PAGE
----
most significant bits
newsletter of uw computer science & engineering
volume 19, number 2, winter 2010
university of washington
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 home CSE Home     Winter 2010 MSB    MSB Archive    Contact Info 
Distinguished Lecturer Series   Simonyi in Space   Myhrvold in the Kitchen   More Familiar Terrain Chair's message New Faculty Additions   Su-In Lee   Anup Rao   Luke Zettlemoyer News   Girl Geek Dinner   Datagrams   CSE Alum in NYTimes Kindle DX Pilot Program Awards   TR35 Winners   CRA Undergrads
msb19.2 PDF

About MSB

MSB is a twice yearly publication of UW CSE supported by the Industrial Affiliates Program.

Editor: Kay Beck-Benton
Contributors: Ed Lazowska, Hank Levy, Sandy Marvinney
Photo credits: Bruce Hemingway, Rod Prieto

We Want to Hear from You!

Do you have news you’d like to share with the CSE community? Comments or suggestions for future issues of MSB? Let us know! Email the editors at and be sure to visit us online at:


Seattle Girl Geek Dinner

Seattle Girl Geek Dinner attendees
enjoy the technical presentations
in the Atrium

CSE hosted the fifth Seattle Girl Geek Dinner in the Microsoft Atrium on December 3. More than 100 women from the local technology community attended and enjoyed some time to network and grab a quick bite of food. CSE’s Magda Balazinska and Yoky Matsuoka provided the technical content.

To see information about some of the fabulous women of UW CSE, please see:

Information about Seattle Girl Geek Dinners may be viewed at:


Ratul Mahajan wins SIGCOMM Rising Star Award
Ratul Mahajan

Ratul Mahajan, a 2005 UW CSE Ph.D. alumnus now working at Microsoft Research, received the 2009 SIGCOMM Rising Star Award. Each year, ACM SIGCOMM presents the Rising Star Award, recognizing a young researcher — an individual no older than 35 — who has made outstanding research contributions to the field of communication networks during this early career stage. Depth, impact, and novelty of the researcher’s contributions are key criteria upon which the Rising Star Award Committee evaluates the nominees, as well as strong research contributions made independently from the nominee’s Ph.D. advisor.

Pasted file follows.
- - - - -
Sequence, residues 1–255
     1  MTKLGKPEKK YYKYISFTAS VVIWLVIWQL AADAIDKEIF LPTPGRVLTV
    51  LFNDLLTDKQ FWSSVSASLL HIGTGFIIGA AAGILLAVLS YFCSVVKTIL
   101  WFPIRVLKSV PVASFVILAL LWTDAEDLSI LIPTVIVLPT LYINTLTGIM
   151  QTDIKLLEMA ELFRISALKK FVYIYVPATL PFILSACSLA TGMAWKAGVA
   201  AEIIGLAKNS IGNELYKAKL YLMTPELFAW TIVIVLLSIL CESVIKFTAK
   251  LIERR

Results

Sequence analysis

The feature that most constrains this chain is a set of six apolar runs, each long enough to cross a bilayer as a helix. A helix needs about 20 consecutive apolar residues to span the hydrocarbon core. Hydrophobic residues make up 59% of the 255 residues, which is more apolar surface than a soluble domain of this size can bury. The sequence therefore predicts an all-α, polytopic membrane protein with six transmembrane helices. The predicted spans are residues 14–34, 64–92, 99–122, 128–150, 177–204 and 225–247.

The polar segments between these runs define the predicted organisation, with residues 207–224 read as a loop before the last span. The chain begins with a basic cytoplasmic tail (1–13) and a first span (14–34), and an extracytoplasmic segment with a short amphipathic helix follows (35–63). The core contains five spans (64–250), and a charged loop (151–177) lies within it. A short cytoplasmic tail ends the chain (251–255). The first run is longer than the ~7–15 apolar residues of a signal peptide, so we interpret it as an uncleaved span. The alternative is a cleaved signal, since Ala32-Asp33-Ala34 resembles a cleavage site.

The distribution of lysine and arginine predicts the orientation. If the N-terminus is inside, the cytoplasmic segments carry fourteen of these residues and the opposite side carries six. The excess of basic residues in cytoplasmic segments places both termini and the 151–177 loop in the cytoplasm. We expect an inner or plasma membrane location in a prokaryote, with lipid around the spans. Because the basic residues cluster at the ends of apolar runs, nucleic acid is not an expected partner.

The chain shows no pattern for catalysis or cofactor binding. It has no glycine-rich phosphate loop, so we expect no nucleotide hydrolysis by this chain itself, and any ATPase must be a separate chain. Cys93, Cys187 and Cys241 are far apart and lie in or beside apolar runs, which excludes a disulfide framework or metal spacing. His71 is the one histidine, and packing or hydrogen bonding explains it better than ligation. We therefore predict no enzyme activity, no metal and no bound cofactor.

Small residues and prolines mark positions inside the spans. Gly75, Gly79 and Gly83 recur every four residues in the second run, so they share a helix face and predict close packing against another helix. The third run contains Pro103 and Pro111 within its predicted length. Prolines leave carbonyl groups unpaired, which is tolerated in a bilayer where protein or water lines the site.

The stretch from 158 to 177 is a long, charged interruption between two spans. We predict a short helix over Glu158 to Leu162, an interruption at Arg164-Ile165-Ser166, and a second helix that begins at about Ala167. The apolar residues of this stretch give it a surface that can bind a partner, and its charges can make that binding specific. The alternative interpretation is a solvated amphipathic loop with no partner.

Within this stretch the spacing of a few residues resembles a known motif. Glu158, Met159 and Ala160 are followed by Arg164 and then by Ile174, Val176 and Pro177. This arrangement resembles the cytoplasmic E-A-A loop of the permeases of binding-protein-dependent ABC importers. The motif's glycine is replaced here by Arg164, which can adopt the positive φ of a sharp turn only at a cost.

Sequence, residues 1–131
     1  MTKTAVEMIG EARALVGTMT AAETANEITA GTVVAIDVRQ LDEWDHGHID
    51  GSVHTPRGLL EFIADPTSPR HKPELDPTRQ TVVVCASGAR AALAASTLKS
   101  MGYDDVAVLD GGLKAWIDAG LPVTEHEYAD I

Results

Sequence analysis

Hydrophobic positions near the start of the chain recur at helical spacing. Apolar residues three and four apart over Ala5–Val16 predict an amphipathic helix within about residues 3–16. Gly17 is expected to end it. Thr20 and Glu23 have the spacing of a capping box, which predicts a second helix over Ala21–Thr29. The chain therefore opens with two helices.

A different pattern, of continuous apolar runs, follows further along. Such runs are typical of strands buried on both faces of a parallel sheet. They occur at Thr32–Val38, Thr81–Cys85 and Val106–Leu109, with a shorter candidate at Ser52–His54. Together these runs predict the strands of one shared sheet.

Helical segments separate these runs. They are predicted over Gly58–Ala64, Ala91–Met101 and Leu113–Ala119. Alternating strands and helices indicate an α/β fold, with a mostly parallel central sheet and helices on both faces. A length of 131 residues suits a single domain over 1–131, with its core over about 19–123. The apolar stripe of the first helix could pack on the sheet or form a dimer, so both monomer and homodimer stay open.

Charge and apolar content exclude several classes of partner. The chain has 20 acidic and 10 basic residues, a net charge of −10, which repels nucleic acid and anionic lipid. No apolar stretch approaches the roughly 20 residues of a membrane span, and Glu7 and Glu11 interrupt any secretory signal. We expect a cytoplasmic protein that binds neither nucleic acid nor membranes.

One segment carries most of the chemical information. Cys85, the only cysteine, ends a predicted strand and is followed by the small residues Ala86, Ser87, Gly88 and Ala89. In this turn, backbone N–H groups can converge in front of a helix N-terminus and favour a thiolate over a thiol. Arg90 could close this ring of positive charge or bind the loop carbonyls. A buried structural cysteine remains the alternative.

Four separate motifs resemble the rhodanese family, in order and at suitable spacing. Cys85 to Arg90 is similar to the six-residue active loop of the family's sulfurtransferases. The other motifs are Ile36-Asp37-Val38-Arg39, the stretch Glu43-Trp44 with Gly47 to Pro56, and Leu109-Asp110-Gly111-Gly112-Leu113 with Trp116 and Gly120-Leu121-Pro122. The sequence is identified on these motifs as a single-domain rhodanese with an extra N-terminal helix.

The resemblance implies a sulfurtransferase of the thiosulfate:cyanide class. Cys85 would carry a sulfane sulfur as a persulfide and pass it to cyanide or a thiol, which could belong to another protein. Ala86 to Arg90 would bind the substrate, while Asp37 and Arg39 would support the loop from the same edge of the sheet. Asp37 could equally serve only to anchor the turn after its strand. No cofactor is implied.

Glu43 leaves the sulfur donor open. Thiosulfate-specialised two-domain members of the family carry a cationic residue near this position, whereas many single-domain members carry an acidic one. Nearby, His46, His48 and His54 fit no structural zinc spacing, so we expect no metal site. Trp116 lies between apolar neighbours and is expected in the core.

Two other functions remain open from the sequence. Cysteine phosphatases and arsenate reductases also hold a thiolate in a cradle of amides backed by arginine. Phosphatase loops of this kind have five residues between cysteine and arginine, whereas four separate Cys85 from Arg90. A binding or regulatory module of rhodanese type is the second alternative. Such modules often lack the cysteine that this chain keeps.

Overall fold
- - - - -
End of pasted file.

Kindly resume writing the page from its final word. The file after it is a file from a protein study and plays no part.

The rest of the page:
Gaetano Borriello, Chandu Thekkath named ACM Fellows
New ACM Fellows Borriello and Thekkath

Professor Gaetano Borriello is the latest UW CSE faculty member to be named a Fellow of the ACM. (He is the 14th UW CSE faculty member to receive this honor.) UW CSE Ph.D. alumnus Chandu Thekkath, a principal researcher at Microsoft Research, also was named an ACM Fellow this year. ACM is the major professional society in computer science. Roughly 1% of ACM’s members are elevated to the rank of Fellow.

Dan Halperin, Kathleen Tuite Awarded Intel Fellowships

UW CSE graduate students Dan Halperin and Kathleen Tuite are among 26 exemplary Ph.D. students from across the nation who have been named recipients of Intel Ph.D. Fellowships. The Intel Ph.D. Fellowship program focuses on research in Intel’s principal technical areas: Hardware Systems Technology and Design, Software Technology and Design, and Semiconductor Technology and Manufacturing. Dan, who is advised by Tom Anderson and David Wetherall, was awarded his fellowship for research “enabling the realistic design of next generation wireless systems.” Kathleen, who is advised by Zoran Popovic, was awarded her fellowship for “active world reconstruction through a real-world multiplayer game.”

Noah Snavely wins University of Washington Graduate School “6th Chapter” Dissertation Award

2008 UW CSE Ph.D. alumnus Noah Snavely, now on the computer science faculty at Cornell University, has received the UW Graduate School “6th Chapter” Dissertation Award. Named by former dean of the Graduate School Suzanne Ortega, the 6th Chapter Award refers to the five-chapter length of most dissertations. In a hypothetical sixth chapter, Ortega reasoned, candidates would propose practical applications resulting from their research, translating their insights into real-world policies or programs. Noah’s Ph.D. work, co-supervised by Steve Seitz and Rick Szeliski (affiliate CSE professor at Microsoft Research), concerned recovering 3D structure from large community photo collections. Microsoft’s widely-praised Photosynth application represents technology transfer from Noah’s work.

Jonathan Carlson wins 2009 University of Washington Distinguished Dissertation Award

Recent UW CSE Ph.D. alumnus Jonathan Carlson received the 2009 UW Graduate School Distinguished Dissertation Award. Carlson’s thesis work on “Phylogenetic Dependency Networks: Inferring Patterns of Adaptation in HIV,” co-supervised by Larry Ruzzo (CSE) and David Heckerman (Microsoft Research), seeks to enable improved HIV vaccines by identifying HIV adaptations that the virus employs against the immune system. Carlson now works with Heckerman in the Microsoft Research eScience Group in Los Angeles.

Kira Lehtomaki

CSE Alum Kira Lehtomaki in New York Times

Kira Lehtomaki, a UW CSE alum who works at Walt Disney Animation Studios, was featured in a New York Times article on non-traditional careers for computer scientists.

You can learn about all sorts of interesting things such as this by subscribing to the RSS feed of UW CSE News. See:

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